1.1 has made the equivalent beam fitting above a real contender for fleet warfare. While the pulse variant is capped at a range limit of around 40km with Scorch M, the beam setup can switch crystals to cover ranges all the way up to its 93.75km base lock range.
There are a few variations on this setup going around, including some using Focused Medium Pulse Laser IIs
to save on power grid. I prefer Heavy Beam Laser IIs as the smaller variant reaches only about 80km with Aurora M, and its additional tracking speed isn't significant, but they are definitely harder to fit. The tracking computer can be switched for a Sensor Booster II to provide some measure of protection against sensor dampening or for a Small Capacitor Booster II if you find yourself having capacitor trouble.
Like the Zealot, the Sacrilege wasn't significantly changed by the patch. Its bonuses now apply to long-range heavy missiles in addition to heavy assault missiles, but the Sacrilege will always be a close-range brawler. The setup above is a pretty standard dual repairer fit
that deals 571 DPS with Hammerhead IIs and rage missiles in overloaded launchers, but its big trick is that it can tank over 830 DPS or 1,000 with the repairers overloaded. The ancillary repairer runs out of Nanite Repair Paste after one minute of flat-out activity; when this happens, your tank will drop to just 384 DPS for 60 seconds while the module reloads, leaving you extremely vulnerable.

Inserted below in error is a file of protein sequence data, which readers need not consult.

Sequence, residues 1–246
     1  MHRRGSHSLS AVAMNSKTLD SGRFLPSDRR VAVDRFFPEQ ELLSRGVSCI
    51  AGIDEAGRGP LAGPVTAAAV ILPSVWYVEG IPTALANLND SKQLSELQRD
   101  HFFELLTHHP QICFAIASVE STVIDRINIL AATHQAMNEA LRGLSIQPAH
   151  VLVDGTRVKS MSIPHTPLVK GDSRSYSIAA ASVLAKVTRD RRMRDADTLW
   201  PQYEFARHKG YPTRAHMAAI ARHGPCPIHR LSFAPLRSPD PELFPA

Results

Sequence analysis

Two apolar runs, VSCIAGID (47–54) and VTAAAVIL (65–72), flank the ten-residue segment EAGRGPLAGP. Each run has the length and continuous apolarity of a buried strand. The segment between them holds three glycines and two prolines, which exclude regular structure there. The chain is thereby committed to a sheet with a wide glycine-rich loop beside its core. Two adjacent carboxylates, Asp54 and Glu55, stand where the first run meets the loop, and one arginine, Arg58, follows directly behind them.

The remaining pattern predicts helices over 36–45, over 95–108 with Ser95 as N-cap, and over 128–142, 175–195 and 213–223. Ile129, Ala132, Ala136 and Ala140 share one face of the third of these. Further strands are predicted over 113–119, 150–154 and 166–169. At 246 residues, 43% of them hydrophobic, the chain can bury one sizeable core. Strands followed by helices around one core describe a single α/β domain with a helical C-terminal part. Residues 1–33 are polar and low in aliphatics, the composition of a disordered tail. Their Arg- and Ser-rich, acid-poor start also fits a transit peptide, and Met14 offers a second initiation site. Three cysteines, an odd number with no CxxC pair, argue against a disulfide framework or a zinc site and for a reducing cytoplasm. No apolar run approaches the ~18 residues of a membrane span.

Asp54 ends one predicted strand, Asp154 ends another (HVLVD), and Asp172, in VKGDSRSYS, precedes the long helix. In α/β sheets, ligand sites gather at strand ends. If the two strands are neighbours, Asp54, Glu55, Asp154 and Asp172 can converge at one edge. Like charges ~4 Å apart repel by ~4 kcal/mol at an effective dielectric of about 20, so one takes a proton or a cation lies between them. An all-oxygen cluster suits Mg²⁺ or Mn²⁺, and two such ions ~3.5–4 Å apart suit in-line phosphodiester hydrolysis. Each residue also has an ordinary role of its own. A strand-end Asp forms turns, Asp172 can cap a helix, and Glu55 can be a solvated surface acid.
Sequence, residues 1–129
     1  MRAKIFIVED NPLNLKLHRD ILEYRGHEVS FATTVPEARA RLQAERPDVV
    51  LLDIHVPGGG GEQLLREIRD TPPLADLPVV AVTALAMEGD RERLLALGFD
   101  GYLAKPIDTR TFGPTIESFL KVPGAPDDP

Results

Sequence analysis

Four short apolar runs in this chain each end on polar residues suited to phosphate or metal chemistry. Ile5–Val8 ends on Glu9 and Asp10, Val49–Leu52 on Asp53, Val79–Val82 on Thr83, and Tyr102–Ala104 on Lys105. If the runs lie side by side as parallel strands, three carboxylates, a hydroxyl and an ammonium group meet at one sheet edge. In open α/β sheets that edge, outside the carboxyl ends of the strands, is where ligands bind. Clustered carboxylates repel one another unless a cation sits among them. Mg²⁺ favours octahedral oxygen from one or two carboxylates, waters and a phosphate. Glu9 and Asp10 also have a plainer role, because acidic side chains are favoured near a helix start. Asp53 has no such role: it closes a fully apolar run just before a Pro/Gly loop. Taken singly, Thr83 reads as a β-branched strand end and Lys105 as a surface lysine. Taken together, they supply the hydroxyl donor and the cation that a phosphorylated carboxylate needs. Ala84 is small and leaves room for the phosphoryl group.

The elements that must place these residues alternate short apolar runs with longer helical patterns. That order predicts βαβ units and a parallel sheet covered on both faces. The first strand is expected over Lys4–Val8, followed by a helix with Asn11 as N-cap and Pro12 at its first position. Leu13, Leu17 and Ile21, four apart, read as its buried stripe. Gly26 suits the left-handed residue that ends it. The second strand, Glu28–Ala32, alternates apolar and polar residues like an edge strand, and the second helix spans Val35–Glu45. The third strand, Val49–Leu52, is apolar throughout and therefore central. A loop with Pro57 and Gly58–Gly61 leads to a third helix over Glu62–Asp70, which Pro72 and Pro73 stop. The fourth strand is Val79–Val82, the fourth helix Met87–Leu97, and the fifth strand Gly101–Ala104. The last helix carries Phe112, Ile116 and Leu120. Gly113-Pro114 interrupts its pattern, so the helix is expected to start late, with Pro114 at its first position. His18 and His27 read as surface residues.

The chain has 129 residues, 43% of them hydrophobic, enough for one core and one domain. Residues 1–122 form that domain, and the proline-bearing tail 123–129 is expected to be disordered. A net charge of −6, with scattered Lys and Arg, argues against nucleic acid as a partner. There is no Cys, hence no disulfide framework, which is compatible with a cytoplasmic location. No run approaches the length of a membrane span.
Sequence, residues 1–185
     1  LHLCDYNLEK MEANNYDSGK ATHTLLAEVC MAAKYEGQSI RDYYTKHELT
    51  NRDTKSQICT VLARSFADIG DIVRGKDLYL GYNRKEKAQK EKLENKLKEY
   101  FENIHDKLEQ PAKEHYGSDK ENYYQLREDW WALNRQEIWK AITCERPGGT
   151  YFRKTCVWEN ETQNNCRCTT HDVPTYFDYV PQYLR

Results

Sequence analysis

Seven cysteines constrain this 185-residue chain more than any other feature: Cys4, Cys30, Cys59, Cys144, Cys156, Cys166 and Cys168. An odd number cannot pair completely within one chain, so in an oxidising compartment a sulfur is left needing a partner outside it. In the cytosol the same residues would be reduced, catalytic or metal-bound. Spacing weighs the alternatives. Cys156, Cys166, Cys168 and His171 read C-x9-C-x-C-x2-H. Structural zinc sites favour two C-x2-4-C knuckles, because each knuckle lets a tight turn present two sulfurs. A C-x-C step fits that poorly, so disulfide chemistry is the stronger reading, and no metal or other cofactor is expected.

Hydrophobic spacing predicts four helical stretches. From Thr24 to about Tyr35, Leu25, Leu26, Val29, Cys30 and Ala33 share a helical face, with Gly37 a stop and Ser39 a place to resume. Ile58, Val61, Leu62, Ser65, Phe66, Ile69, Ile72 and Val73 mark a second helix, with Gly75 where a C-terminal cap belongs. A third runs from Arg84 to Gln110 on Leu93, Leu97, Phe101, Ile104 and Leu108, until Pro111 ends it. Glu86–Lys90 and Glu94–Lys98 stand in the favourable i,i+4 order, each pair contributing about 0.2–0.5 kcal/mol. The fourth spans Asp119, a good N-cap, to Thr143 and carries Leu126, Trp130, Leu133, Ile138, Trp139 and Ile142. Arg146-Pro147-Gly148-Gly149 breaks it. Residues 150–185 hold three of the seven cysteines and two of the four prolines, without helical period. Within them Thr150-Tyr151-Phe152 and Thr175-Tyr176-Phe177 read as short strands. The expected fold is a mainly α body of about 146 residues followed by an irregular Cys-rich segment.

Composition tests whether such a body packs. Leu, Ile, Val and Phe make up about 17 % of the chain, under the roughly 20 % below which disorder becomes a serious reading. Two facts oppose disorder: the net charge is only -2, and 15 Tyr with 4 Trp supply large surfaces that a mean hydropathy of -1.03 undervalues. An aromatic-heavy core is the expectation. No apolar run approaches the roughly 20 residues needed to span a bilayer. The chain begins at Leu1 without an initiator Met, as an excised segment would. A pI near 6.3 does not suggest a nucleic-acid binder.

Try to tank on your normal repairer for as long as you can and activate the ancillary repairer only when it's absolutely necessary. Swapping the ancillary repairer for a second standard tech II repairer gives a sustainable 618 DPS tank or 768 with the repairers overloaded. A Nosferatu II in the spare high slot would help conserve cap booster charges, but the Sacrilege can actually carry enough capacitor injectors to keep the tank and an energy neutraliser going for about 10 minutes. The energy neutraliser will help to break active tanks and provides a measure of defense against tacklers.
It seems that the goal of this patch has been to bring all of the heavy assault cruisers up to the same level of power as the Zealot and Sacrilege. It's a worthwhile goal but one that may ultimately have failed for several ships. The Ishtar has become a formidable sniper
that can place its turrets around the battlefield, and the Cerberus is now an absolute frigate-killing god, but both the Eagle and Vagabond are outclassed by other ships in the same role.
At this point, the Eagle is obsolete, and it's hard for Vagabond pilots to justify not just shelling out a few extra million to upgrade to a Cynabal. The Sacrilege and Deimos have both also become powerful active tanked brawlers for small-scale gang warfare, but neither appears to have been designed with fleet roles in mind. While I'm sure the ships all now look balanced on paper, I get the feeling that CCP hasn't fully investigated the roles it wants each ship to be in and that another round of balance changes may be needed.
Brendan "Nyphur" Drain is an early veteran of EVE Online and writer of the weekly EVE Evolved column here at Massively. The column covers anything and everything relating to
EVE Online, from in-depth guides to speculative opinion pieces. If you have an idea for a column or guide, or you just want to message him, send an email to email@example.com.